Hypermethylation and inactivity of the FMR1FMR1 gene is responsible for Fragile X Syndrome, the most common form of intellectual disability in males. Rudolph Jaenisch’s group at the Whitehead Institute for Biomedical Research, Cambridge, developed a version of dCas9-Tet1 which they used to activate FMR1 in induced pluripotent stem cells (iPSCs) from patients with Fragile X Syndrome . When the iPSCs with reactivated FMR1 were differentiated into neurons, neural function was rescued and remained rescued after transplant into mouse brain. Jaenisch’s group also showed that they could also use their system to activate FMR1 in post-mitotic neurons.
Juan Carlos Izpisua Belmonte of the Salk Institute for Biological Studies, CaliforniaCalifornia and his team designed guide RNAs to bring transcriptional activators with dCas9 to activate genes of interest . Instead of fixing the mutated gene in a disease, their approach is to upregulate other genes in the disease pathway that can compensate for the malfunctioning gene. In mouse models for kidney disease and muscular dystrophy their approach improved kidney and muscle function.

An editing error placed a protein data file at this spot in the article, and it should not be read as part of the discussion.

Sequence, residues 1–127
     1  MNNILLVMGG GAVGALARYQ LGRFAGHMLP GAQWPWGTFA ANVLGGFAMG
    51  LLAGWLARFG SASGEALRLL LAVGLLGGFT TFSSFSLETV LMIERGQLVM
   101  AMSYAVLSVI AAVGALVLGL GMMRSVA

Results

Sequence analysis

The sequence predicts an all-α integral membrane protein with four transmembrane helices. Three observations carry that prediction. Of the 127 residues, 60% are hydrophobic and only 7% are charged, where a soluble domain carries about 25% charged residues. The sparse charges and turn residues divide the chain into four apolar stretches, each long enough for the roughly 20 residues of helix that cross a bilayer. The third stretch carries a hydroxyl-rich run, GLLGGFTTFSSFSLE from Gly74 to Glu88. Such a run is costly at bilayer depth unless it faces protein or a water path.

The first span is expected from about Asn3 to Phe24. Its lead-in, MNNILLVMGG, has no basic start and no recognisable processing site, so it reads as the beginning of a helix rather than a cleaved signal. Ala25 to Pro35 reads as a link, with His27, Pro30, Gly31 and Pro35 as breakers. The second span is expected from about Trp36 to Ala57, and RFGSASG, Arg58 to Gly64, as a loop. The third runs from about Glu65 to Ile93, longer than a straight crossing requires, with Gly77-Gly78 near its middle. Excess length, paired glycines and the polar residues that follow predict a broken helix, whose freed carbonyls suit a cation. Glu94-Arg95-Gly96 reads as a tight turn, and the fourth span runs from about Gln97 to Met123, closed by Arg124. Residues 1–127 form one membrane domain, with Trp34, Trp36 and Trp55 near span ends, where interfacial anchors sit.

Acetylation modifications to histones, the proteins, which package DNA into chromatin change the conformation of the chromatin. Charles Gersbach and Timothy Reddy at Duke UniversityDuke University, fused human acetyltransferase, p300 to dCas9. The fusion protein causes histone H3 lysine 27 to become acetylated at target sites, which activated target genes .
Epigenetic CRISPR/Cas9 is a modified form of the gene editing technology CRISPR, designed to activate genes without cutting DNA by adding or removing methyl groups in specific positions.
This technique allows researchers to see how changes affect gene expression and has been tested in cultured mouse cells and live mice.